alexa Amenorrhea | Germany | PDF | PPT| Case Reports | Symptoms | Treatment

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Amenorrhea

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  • Amenorrhea

    Amenorrhea with high FSH levels (hypergonadotropic hypogonadism) suggests ovarian dysfunction; amenorrhea with low FSH levels (hypogonadotropic hypogonadism) suggests hypothalamic or pituitary dysfunction. If patients have secondary amenorrhea without virilization and have normal prolactin and FSH levels and normal thyroid function, a trial of estrogen and a progestin to try to stimulate withdrawal bleeding can be done (progesterone challenge test). The trial begins by giving medroxyprogesterone 5 to 10 mg po once/day or another progestin for 7 to 10 days.nIf bleeding occurs, amenorrhea is probably not caused by an endometrial lesion.

  • Amenorrhea

    Clinicians should note vital signs and body composition and build, including height and weight, and should calculate body mass index (BMI). Secondary sexual characteristics are evaluated; breast and pubic hair development are staged using Tanner’s method. If axillary and pubic hair is present, adrenarche has occurred. With the patient seated, clinicians should check for breast secretion by applying pressure to all sections of the breast, beginning at the base and moving toward the nipple. Galactorrhea (breast milk secretion not temporally associated with childbirth) may be observed; it can be distinguished from other types of nipple discharge by finding fat globules in the fluid using a low-power microscope. Pelvic examination is done to detect anatomic genital abnormalities; a bulging hymen may be caused by hematocolpos, which suggests genital outflow obstruction.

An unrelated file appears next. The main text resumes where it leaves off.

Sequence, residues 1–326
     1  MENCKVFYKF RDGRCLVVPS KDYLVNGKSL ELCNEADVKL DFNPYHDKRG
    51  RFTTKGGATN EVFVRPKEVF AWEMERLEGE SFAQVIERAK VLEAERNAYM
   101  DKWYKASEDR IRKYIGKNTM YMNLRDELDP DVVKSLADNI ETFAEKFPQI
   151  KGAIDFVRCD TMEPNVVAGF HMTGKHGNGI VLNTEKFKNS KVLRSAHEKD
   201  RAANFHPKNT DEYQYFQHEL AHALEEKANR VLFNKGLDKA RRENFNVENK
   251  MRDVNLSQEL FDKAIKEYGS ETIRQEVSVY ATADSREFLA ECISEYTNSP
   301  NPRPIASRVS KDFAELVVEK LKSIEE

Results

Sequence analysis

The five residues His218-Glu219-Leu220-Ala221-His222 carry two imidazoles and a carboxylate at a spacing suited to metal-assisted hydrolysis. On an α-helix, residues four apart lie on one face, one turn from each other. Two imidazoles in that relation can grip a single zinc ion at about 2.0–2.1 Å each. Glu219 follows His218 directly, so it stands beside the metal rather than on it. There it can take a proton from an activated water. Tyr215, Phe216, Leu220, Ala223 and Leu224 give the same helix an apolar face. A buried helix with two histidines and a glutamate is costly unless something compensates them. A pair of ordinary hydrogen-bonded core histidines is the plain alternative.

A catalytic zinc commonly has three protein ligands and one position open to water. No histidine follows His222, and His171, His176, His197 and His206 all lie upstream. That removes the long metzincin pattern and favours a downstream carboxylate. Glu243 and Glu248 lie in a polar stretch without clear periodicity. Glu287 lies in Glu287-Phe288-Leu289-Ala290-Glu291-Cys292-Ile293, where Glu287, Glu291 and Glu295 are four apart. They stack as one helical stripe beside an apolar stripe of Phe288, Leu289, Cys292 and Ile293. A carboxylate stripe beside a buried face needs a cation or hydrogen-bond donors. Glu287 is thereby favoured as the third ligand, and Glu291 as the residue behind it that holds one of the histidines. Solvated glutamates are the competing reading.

• Amenorrhea

    Treatments vary based on the underlying condition. Key issues are problems of surgical correction if appropriate and oestrogen therapy if oestrogen levels are low. For those who do not plan to have biological children, treatment may be unnecessary if the underlying cause of the amenorrhoea is not threatening to their health. In preindustrial societies, menarche typically occurred later than in current industrial societies. After menarche, menstruation was suppressed during much of a woman's reproductive life by either pregnancy or nursing.

 

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